Gaskill, however, wasn’t ready to give up. Instead, she dug in her heels, rallying dozens of volunteer trail crews to complete the remaining sections of trail. With her determination and diligence, the trail was finished in 1987.

Denver Public Library Special Collections archivist Laura Ruttum Senturia stands in the archives where thousands of items are stored and saved for public use. She is standing in a aisle surrounded by boxes.
Jennifer Coombes
Laura Ruttum Senturia, an archivist and special collections librarian at the Denver Public Library, stands in the archives where dozens of boxes containing archives from Gudy Gaskill's life are housed on March 10, 2023. Ruttum Senturia has been getting to know Gaskill from the boxes of scrapbooks and collections of items donated by her family.

Ruttum Senturia, the archivist, said many of the collection’s photographs illustrate the process of building the Colorado Trail.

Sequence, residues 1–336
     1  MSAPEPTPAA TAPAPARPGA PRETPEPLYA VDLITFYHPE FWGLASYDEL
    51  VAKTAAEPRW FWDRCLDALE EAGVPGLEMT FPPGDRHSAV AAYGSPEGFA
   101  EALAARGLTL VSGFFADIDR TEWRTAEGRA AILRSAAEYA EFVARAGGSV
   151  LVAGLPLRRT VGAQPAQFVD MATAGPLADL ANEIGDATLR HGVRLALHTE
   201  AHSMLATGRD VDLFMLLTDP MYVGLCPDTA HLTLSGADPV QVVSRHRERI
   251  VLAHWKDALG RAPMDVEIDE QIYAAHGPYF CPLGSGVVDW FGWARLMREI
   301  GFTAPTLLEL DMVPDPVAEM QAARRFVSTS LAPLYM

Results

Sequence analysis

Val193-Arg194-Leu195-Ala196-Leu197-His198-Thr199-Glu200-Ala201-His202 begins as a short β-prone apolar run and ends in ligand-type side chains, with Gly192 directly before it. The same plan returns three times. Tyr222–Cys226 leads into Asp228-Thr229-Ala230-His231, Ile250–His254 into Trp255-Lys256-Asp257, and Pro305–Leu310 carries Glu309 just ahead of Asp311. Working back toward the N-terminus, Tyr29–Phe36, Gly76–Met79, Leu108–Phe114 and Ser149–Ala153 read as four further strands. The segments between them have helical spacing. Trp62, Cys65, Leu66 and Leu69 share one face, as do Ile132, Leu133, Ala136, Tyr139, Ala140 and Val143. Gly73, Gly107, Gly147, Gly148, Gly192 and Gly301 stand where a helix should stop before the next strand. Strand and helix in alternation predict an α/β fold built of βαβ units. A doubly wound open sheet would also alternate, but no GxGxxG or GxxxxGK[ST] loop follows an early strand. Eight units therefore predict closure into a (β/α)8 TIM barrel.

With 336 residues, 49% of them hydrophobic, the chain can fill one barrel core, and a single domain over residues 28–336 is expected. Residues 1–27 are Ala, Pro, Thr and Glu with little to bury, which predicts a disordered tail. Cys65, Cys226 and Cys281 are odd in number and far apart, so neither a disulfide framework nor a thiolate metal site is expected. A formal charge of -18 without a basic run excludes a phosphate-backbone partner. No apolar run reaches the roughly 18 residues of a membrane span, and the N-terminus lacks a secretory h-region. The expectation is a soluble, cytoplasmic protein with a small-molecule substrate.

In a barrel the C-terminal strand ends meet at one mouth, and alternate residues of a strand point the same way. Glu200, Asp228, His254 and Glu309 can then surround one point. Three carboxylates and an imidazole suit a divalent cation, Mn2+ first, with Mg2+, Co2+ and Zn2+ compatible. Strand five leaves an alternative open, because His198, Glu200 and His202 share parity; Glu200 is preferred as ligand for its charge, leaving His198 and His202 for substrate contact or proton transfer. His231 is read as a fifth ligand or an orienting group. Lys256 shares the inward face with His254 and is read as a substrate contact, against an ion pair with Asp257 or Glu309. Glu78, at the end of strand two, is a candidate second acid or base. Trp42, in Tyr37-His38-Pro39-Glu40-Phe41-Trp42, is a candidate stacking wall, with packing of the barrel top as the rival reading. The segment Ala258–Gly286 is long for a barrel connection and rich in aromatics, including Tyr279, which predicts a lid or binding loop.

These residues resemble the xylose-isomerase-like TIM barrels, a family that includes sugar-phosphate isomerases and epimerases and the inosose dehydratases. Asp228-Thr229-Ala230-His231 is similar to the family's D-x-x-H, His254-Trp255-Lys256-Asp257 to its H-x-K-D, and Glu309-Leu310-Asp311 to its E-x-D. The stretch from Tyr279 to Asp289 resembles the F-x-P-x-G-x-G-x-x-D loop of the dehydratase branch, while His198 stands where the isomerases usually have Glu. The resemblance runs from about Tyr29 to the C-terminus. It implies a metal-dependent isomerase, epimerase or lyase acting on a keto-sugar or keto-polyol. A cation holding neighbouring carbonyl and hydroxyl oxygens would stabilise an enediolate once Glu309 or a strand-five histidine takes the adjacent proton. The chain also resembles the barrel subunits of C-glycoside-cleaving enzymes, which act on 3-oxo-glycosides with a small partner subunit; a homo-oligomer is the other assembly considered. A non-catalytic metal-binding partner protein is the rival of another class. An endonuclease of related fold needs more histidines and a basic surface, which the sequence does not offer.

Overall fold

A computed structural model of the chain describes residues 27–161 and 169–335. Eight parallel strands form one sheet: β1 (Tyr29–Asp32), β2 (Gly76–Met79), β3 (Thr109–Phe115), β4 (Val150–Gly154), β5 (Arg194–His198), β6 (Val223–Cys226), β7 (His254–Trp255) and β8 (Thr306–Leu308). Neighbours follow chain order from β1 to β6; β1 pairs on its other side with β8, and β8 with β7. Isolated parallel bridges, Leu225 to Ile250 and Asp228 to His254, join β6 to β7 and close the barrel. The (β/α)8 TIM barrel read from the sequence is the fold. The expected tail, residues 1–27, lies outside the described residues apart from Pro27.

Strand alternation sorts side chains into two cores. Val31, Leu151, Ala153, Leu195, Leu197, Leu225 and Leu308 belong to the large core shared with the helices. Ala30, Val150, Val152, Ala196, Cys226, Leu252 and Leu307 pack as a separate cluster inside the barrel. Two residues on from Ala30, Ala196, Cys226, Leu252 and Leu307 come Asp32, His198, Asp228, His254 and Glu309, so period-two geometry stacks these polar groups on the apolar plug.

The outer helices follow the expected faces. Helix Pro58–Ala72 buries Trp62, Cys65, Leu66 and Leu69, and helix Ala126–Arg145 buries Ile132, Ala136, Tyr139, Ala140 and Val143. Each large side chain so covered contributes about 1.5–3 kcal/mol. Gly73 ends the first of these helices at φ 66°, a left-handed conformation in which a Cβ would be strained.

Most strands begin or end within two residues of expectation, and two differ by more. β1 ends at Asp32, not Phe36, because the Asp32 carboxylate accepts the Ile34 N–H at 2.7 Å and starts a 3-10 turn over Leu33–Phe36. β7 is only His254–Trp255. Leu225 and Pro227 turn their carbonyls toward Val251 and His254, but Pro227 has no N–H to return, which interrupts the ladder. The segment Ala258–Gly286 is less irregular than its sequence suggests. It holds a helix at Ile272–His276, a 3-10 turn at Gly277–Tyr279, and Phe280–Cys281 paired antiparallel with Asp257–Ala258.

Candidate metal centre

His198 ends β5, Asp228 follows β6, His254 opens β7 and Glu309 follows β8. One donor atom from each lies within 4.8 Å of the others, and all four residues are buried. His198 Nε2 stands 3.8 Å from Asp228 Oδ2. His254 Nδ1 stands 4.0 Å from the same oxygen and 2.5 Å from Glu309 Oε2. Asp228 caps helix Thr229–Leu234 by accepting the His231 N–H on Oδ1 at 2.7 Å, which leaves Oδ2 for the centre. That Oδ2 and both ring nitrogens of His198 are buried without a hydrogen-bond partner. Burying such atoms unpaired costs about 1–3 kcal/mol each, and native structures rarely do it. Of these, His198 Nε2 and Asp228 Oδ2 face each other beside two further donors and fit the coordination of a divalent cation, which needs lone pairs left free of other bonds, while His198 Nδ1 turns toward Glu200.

“A lot of them are people with shovels digging or breaking things out, taking a break,” Ruttum Senturia said.

Building a long-distance trail was hard work, but items in the archive also demonstrate the fun and levity that came with working together for days on end.

“You find photos where they're making ice cream in a bucket while they're all camping, drinking champagne,” Ruttum Senturia said. “There's a photo…where Gudy (Gaskill) is getting her hair cut while drinking a beer while sitting on the trail.”

On trail workdays, Gaskill worked nonstop. She would get up at 4 or 5 a.m. to make breakfast for crews of 10 to 20 volunteers. She worked on the trail with them until the afternoon, then made dinner for everyone.

Steven Gaskill said even after dinner at the end of a long day in the field, his mother was tireless.